Does Strength Training Improve Chronic Neck Pain?

I young woman suffering from neck pain

Neck pain is a nagging problem that’s increasing in frequency in men and women of all ages, even teenagers. The reason? Too many people spend the day with their neck and shoulders hunched over a keyboard or a desk. Then, when work is over, the soon-to-be neck pain sufferer grabs a smartphone and starts texting or working on an iPad. In other words, most people spend most their waking hours with their head bent down and their shoulders slumped over in an unnatural position. Unfortunately, this problem will probably not go away any time soon as we become even more dependent on technology.

Why is texting such a problem? The human head weighs around 11 pounds. But, when you bend your head forward by 60 degrees to text or type on a keyboard, the force it creates rises to as high as 60 pounds.  Your upper spine and the muscles in your neck and upper back have to deal with this extra pressure and they are ill-equipped to do so, especially if the muscles are weak. Over time, the added force takes its toll on the neck and shoulders, which weren’t designed to withstand that kind of pressure day in and day out.  In some cases, chronic stress on the neck can lead to a herniated disc or chronic pain due to added strain on the ligaments, tendons, and muscles.

Interestingly, women are at higher risk of developing shoulder and neck pain relative to men. It’s not clear whether this is due to differences in the tasks men and women do or to some other factor such as hormones. Nevertheless, if you’re a woman, it’s even more important that you take precautions to protect your neck from chronic, low-grade injury and stress.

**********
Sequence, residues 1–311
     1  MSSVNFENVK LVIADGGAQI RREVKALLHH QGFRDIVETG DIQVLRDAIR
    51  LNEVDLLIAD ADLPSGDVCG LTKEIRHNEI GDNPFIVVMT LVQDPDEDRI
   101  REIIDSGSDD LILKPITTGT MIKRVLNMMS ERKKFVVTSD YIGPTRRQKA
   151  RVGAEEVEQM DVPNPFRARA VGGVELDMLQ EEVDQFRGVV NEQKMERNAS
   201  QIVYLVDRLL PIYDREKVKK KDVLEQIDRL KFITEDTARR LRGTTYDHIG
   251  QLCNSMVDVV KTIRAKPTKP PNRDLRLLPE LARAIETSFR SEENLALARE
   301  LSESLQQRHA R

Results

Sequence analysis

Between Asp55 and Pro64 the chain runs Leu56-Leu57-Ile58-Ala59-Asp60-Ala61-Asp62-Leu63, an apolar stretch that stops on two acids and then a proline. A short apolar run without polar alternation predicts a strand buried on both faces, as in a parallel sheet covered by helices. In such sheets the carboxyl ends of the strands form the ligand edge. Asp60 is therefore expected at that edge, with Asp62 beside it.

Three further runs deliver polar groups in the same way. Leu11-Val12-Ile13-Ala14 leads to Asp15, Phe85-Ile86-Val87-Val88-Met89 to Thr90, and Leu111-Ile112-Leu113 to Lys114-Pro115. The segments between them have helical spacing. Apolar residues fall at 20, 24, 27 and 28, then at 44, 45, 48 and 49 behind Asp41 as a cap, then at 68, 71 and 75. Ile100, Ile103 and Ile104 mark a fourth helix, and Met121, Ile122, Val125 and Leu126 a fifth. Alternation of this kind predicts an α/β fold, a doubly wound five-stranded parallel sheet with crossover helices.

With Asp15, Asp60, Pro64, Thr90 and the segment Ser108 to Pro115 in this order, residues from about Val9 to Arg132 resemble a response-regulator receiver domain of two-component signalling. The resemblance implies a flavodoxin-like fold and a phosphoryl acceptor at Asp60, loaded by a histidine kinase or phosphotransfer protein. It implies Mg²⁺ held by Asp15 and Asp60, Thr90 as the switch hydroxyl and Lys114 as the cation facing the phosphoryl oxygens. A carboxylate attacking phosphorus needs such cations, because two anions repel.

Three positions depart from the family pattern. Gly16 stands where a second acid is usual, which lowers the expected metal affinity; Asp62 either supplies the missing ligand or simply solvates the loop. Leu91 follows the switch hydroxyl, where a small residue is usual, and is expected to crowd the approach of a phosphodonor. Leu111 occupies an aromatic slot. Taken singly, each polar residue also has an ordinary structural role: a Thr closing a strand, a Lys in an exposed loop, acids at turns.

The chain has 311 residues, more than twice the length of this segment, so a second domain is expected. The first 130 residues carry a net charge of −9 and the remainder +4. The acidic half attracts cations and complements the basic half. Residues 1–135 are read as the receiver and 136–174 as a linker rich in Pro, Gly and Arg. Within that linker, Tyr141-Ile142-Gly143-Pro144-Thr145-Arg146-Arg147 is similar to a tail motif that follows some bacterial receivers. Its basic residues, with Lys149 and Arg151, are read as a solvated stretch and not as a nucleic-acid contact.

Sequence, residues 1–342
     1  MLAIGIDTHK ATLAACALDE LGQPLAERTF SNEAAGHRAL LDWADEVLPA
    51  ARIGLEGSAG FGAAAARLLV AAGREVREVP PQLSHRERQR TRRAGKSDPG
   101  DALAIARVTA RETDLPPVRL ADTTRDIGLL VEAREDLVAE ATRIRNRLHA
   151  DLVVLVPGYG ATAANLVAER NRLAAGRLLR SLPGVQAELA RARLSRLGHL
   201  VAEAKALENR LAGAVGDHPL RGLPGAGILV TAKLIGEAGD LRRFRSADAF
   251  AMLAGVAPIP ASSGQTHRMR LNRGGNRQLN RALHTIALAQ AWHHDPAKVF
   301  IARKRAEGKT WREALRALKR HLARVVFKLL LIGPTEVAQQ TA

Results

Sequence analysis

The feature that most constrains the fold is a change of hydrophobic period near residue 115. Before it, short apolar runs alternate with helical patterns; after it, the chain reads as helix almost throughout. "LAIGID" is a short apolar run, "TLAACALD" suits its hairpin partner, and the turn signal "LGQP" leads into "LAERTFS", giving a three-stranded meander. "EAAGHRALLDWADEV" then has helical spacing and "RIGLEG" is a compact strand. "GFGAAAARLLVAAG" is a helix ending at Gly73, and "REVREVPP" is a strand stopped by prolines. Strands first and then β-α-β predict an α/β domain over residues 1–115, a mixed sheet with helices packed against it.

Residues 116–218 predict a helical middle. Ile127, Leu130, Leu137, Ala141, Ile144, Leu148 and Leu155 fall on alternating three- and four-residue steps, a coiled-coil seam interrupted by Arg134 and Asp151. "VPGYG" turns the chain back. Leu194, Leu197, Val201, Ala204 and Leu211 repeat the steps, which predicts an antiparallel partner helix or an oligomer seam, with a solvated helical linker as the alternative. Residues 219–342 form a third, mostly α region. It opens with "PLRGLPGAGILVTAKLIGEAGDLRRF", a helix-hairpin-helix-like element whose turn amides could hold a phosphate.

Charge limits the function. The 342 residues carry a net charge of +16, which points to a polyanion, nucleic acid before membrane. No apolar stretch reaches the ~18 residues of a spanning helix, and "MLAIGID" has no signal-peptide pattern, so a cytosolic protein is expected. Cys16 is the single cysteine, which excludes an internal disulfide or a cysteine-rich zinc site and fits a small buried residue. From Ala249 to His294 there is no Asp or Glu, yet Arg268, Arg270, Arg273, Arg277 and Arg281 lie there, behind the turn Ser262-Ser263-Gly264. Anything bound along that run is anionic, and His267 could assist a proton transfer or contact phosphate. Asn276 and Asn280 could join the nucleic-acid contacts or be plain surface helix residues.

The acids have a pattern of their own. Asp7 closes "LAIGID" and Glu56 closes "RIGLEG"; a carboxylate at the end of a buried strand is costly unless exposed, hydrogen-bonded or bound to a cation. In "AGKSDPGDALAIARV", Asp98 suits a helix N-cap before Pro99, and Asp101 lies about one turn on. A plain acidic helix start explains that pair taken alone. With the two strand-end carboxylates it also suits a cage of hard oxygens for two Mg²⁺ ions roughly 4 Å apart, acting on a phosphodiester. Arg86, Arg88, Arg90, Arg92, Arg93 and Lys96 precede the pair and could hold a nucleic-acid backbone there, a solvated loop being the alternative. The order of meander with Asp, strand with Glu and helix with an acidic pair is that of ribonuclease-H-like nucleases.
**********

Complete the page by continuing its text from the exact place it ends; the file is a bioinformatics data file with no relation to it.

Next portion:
The best prescription for avoiding neck pain is to spend less time looking down at a device and more time stretching and walking around with your head upright. Give your neck more breaks! But, what about strength training? Can strength training prevent or reduce the symptoms of chronic neck pain?

Strength Training and Neck Pain

Is strength training good for neck pain prevention? A study carried out at the National Research Center for the Working Environment in Copenhagen, Denmark looked at this issue. Participants in the study were women who did repetitive work that placed a strain on their neck and upper back. All of the participants had trapezius myalgia, a medical term for strained and painful trapezius muscles. As you know, the trapezius muscles are two large diamond-shaped muscles in your upper back. These muscles rotate and help stabilize your scapula on each side, also known as your shoulder blades.

The majority of people who have neck and shoulder pain have myalgia of the muscles in the neck and shoulders, most commonly the trapezius. Myalgia is usually due to overuse or overstretching of the muscles and is associated with reduced blood flow to the affected muscles, increased use of anaerobic metabolism, and the build-up of waste products around the affected muscles. All of this adds up to ongoing pain and stiffness that can become chronic and, in some cases, debilitating.

Strength Training and Neck Pain: What the Study Showed